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Sun of Suns: Book One of Virga (Virga #1)

3.76 of 5 stars 3.76  ·  rating details  ·  1,680 ratings  ·  170 reviews
It is the distant future. The world known as Virga is a fullerene balloon three thousand kilometers in diameter, filled with air, water, and aimlessly floating chunks of rock. The humans who live in this vast environment must build their own fusion suns and "towns" that are in the shape of enormous wood and rope wheels that are spun for gravity.

Young, fit, bitter, and fri
ebook, 320 pages
Published July 31st 2007 by Tor Books (first published 2006)
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I stayed firmly on the fence with this book. I can't decide what I would rate it, somewhere between 2.5 -3.0 stars would be about right. I don't know what genre I would stick it in, scif/steampunk perhaps. Probably not. Imagine if you will, Honor Harrington meeting up with the Integral Trees, then this is somewhat like what you'd get, without the character development.

The world building is odd, in as much as there is none. You are fed tiny little snippets of info about what the world is, which i
May 25, 2008 Belarius rated it 4 of 5 stars  ·  review of another edition
Recommends it for: People Who Enjoy Adventure, Blue Rogues
Recommended to Belarius by: Malgas
Schroeder's Sun of Suns bears the trappings of hard science fiction, but in reality it belongs to a much older genre: "Adventure." Like great popular works of yestercentury (such as Treasure Island or Twenty Thousand Leagues Under The Sea), Sun of Suns takes a compelling premise and applies continuous leverage to the plot. On the short side, I finished Sun of Suns in one sitting precisely because I couldn't put it down.

The story is set in an extremely unusual setting: a planet-sized bubble of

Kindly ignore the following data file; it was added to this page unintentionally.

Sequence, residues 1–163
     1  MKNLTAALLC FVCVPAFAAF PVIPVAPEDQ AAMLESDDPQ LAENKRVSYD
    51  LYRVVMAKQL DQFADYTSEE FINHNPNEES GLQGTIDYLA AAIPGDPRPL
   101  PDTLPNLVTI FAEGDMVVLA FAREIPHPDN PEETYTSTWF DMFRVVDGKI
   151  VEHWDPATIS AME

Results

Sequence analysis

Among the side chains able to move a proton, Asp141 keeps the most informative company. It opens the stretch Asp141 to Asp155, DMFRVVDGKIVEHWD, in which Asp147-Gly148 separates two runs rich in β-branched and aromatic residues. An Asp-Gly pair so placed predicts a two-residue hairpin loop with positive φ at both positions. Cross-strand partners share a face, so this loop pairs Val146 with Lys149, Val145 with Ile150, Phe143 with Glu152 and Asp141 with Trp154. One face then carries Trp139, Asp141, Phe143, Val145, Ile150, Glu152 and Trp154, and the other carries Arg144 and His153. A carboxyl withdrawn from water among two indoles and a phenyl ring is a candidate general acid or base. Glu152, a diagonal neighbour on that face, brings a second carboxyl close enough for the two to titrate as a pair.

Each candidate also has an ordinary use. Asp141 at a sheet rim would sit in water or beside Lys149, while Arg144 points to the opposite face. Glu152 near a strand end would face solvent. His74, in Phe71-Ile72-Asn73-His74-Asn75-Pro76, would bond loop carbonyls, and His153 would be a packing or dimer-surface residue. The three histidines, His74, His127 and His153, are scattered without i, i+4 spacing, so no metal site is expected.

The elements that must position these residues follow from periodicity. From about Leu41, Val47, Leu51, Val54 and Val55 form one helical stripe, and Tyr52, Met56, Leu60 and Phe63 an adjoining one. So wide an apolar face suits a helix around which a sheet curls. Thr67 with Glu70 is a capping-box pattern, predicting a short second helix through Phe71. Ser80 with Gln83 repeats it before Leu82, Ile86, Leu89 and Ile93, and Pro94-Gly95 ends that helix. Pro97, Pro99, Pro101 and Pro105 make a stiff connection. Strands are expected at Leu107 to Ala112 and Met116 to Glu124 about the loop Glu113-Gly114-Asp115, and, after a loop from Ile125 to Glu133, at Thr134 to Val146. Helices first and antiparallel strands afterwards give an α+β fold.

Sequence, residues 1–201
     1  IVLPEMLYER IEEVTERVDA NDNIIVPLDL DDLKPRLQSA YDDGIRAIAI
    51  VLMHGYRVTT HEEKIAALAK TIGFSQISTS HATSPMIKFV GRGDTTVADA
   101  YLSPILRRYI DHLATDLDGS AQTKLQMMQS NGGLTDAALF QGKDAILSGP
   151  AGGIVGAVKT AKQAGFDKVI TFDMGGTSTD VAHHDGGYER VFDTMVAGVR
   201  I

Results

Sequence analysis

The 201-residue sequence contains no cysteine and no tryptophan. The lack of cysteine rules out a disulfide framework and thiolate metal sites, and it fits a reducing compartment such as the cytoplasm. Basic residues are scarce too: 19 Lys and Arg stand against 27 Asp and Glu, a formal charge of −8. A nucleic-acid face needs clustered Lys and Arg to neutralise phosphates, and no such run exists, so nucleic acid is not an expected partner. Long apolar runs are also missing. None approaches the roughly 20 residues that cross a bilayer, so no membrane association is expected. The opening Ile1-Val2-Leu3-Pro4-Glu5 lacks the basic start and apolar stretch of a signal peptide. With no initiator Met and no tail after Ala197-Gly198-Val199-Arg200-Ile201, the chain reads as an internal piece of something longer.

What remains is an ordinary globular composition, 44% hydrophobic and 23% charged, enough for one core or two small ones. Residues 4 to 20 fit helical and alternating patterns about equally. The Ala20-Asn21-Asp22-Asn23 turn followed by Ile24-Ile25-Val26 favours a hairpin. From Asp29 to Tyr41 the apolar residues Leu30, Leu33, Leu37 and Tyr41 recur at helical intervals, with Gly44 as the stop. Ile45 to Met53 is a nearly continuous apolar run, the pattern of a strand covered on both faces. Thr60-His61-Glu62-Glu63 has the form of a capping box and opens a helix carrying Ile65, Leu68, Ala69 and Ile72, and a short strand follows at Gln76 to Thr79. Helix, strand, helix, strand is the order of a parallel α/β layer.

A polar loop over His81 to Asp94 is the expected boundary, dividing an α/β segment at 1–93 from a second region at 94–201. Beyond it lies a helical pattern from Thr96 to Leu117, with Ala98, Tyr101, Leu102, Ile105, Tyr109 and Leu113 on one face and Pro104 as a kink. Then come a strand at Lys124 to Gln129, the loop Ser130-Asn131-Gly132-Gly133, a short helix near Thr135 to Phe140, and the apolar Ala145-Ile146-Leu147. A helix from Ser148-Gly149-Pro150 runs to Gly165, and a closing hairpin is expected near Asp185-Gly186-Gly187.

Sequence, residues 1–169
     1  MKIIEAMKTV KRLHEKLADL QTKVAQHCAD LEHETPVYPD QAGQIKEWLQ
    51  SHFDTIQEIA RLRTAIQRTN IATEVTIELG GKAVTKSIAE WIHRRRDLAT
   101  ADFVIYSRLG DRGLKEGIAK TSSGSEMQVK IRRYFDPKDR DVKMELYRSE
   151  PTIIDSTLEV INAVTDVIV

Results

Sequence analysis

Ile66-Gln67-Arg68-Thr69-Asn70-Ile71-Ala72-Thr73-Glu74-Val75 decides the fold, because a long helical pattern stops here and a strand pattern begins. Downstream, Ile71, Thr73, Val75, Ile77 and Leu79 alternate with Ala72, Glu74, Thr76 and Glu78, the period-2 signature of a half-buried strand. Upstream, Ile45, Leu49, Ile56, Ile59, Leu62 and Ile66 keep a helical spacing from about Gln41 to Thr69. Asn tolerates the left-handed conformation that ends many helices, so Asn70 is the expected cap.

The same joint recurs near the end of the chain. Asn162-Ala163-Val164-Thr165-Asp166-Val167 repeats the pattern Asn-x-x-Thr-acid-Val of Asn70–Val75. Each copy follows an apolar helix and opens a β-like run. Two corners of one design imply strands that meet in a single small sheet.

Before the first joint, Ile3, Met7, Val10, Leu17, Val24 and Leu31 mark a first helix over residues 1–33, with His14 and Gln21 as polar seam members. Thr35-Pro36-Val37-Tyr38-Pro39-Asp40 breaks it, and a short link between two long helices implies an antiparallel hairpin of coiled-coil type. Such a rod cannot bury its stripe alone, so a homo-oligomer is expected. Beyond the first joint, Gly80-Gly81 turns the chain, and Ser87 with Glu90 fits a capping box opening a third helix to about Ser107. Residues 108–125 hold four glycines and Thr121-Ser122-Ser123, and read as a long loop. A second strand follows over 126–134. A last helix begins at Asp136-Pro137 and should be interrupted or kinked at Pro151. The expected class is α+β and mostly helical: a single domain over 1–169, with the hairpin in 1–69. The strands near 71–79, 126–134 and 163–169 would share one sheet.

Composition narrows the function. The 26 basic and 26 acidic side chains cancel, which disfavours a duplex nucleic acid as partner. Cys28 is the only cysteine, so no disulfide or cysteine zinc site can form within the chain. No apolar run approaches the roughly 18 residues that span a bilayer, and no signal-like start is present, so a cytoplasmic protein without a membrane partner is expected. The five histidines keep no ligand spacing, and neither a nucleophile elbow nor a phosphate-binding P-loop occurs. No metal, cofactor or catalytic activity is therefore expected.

I finished it because it was reasonably short and I wanted to see if it would redeem itself with its ending, but rarely have I been so let down by such a well-reviewed and hyped new science fiction book ("Outrageously brilliant and not to be missed" says one magazine, with additional blurbs from Vernor Vinge, Larry Niven, and Cory Doctorow). Weak writing, hackneyed plot, uninteresting cardboard characters all the way through. The world-building is pretty cool(~steampunk-level tech in a 3000km-di ...more
Kat  Hooper
Originally posted at Fantasy Literature.

Hayden Griffin is out for revenge. When he was a boy, the nation of Slipstream attacked his little home world of Aerie. Hayden’s parents had just managed to build a sun for Aerie so their world could be independent of Slipstream, but the more powerful nation attacked before Aerie could escape. Both of Hayden’s parents were killed. Years later, Hayden knows it was Admiral Chaison Fanning, the Admiral of Slipstream’s space fleet, who ordered the massacre, so
Michael Burnam-fink
Sun of Suns is a perfect alignment of plot and setting. Schroeder wanted to write something in the vein of steampunk or space opera: sword fights on exploding battlecruisers, glittering 'civilized' cities and dank pirate hideaways, heroics and sacrifice and revenge written across the sky. A lesser author would just say 'screw realism' and do it: Schroeder actually does the world building to make it work.

Enter Virga, a 5000 mile bubble of air orbiting Vega, hemmed in by a shell of ice and light f
Normally, by the time I finish a book I have an idea of what I want to say. Or I've made a few notes along the way to help facilitate my final thoughts and opinions. With Sun of Sun's I find I'm struggling with what to say, so I'm going to be a bit more methodical in my review.

World setting - Virga is an absolutely fascinating setting. A "planet" of air, with a central mechanical "sun" called Candence. Smaller cities can build their own suns and live out in "winter", which are areas far enough